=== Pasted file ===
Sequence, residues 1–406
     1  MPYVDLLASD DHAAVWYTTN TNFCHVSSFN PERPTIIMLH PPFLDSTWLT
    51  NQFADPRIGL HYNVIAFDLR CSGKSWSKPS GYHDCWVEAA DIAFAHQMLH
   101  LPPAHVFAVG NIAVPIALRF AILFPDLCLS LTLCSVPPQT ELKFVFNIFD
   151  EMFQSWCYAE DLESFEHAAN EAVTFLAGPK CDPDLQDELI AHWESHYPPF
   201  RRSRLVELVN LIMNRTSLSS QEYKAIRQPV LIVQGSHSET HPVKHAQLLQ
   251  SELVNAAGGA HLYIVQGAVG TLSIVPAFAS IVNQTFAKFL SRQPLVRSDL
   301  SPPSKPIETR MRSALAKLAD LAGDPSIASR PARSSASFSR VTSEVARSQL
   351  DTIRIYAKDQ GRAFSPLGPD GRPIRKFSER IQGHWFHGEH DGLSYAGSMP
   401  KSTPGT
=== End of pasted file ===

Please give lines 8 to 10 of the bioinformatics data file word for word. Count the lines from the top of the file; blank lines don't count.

   301  SPPSKPIETR MRSALAKLAD LAGDPSIASR PARSSASFSR VTSEVARSQL
   351  DTIRIYAKDQ GRAFSPLGPD GRPIRKFSER IQGHWFHGEH DGLSYAGSMP
   401  KSTPGT